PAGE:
In 1949, McGill University psychologist Donald Hebb predicted much of what modern neuroscience would go on to prove with neuroimaging technologies. Hebb’s postulate—that the neurons that fire together, wire together—rovides a summary of the way synaptic pathways bond and are reinforced by repetition.
This repetition and rumination robs the mind of flexibility, especially when attached to memories with heightened (positive or negative) emotional resonance. Repetition-habituated brains marinate in a soup of low novelty and lack of surprise, forecasting tomorrow to be much the same as today.
Psychedelics disrupt our repetitive or ruminative ways of thinking and rewire brain communication patterns. The result is often an altered state of consciousness marked by transient confusion, followed by a high probability of novel, meaningful and possibly even mystical experiences.
When the rigid, top-down control of the ego is loosened, the anarchy of the creative unconscious blooms.
Our research group at Queen’s University recently completed a review of existing studies on psilocybin-assisted therapy. From over 2,000 records, we found nine completed clinical trials with a total of 169 participants.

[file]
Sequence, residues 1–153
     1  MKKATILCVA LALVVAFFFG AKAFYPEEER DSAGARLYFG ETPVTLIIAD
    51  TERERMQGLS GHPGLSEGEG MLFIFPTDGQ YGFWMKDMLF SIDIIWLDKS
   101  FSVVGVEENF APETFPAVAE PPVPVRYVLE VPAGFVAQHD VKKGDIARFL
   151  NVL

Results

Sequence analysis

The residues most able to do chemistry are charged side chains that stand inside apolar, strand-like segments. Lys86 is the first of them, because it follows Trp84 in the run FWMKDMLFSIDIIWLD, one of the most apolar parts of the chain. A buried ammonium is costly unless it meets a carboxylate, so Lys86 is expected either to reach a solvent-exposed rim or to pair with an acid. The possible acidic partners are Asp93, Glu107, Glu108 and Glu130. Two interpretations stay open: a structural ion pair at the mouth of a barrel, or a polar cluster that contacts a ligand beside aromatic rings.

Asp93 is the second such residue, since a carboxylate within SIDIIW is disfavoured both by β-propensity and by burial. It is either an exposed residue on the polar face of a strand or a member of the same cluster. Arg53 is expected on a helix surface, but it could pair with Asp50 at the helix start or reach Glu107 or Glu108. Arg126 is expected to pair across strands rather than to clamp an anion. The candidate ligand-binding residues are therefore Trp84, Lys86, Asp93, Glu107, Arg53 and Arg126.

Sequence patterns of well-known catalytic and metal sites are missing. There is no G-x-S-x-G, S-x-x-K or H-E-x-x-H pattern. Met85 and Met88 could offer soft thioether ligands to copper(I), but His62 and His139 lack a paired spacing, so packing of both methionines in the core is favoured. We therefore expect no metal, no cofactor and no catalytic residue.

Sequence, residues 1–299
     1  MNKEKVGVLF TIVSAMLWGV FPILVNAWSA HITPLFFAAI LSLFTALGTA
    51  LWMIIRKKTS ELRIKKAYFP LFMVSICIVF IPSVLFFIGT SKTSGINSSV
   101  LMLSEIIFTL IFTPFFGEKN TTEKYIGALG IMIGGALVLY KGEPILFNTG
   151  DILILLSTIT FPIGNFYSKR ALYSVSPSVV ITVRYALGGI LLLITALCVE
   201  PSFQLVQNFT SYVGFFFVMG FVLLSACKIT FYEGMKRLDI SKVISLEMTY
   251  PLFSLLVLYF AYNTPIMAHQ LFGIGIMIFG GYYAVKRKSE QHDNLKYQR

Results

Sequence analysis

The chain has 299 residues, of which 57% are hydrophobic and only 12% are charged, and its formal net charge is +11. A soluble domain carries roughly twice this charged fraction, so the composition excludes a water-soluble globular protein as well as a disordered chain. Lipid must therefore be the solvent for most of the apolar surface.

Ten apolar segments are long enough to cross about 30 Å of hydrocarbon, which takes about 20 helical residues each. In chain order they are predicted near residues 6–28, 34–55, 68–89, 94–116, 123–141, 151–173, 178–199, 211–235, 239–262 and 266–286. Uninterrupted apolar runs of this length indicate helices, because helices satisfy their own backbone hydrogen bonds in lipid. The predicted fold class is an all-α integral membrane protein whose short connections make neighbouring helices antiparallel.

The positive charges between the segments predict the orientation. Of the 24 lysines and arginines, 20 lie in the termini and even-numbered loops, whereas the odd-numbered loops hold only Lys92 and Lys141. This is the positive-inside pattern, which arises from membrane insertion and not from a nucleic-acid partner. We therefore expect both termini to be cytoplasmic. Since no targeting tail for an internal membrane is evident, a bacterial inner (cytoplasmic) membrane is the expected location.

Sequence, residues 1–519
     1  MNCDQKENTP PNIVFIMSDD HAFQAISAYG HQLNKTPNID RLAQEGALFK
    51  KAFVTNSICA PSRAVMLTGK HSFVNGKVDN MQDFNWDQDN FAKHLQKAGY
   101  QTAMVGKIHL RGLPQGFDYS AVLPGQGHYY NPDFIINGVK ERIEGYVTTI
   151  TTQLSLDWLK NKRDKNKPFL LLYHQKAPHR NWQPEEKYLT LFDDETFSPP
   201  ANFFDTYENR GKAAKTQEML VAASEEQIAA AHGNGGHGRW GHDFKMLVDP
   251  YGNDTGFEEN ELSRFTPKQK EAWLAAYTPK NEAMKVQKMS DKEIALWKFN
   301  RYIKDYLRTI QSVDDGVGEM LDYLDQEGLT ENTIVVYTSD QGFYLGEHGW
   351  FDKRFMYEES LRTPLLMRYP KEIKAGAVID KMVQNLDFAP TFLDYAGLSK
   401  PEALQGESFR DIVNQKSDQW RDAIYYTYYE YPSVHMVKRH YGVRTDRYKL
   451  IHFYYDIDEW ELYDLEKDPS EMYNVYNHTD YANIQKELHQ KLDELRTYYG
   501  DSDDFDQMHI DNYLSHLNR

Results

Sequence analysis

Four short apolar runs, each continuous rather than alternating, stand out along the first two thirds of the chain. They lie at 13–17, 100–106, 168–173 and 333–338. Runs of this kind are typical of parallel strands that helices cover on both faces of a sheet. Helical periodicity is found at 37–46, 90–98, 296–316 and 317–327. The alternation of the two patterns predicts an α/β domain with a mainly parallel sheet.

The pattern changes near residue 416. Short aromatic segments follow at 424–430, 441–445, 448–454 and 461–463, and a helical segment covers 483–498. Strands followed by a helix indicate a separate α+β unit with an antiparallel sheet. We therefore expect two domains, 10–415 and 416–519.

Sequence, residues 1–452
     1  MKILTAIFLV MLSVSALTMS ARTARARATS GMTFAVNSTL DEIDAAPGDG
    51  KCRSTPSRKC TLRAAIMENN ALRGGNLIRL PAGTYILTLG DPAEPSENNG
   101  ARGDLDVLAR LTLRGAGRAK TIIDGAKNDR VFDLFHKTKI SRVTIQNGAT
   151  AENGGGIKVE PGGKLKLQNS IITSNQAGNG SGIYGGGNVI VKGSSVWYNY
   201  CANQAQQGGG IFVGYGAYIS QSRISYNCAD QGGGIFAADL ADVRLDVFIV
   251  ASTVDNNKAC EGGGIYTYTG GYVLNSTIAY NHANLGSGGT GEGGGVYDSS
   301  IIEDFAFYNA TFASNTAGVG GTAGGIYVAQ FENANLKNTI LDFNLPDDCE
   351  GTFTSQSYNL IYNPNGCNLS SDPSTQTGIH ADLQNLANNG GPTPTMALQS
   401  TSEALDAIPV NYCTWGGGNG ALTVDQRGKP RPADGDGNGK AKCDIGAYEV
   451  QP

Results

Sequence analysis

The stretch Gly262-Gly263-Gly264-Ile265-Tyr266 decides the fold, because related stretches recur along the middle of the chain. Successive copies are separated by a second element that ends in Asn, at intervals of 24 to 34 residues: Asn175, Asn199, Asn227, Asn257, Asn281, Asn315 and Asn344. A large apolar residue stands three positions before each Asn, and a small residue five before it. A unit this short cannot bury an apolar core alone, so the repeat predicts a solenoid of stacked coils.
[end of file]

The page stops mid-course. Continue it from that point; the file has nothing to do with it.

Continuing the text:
Overall, the trials showed that most subjects safely tolerated these interventions and showed improved mental health. However, some experienced transient distress and post-treatment headaches. The trend suggests positive outcomes in various conditions such as obsessive-compulsive disorder, addiction, depression, psychological distress associated with life-threatening cancers and demoralization among long-term AIDS survivors.
In short, although psychedelics can be accompanied by known adverse experiences, trials seem to indicate that psilocybin is relatively safe (with the right supports and in a supportive setting). Moreover, it has a marked ability to interrupt psychopathologies.
To ensure safety and support, the majority of psilocybin trials used the PSI model (preparation, session, integration) with multiple moderate-to-high-doses sessions happening in the company of trained therapists.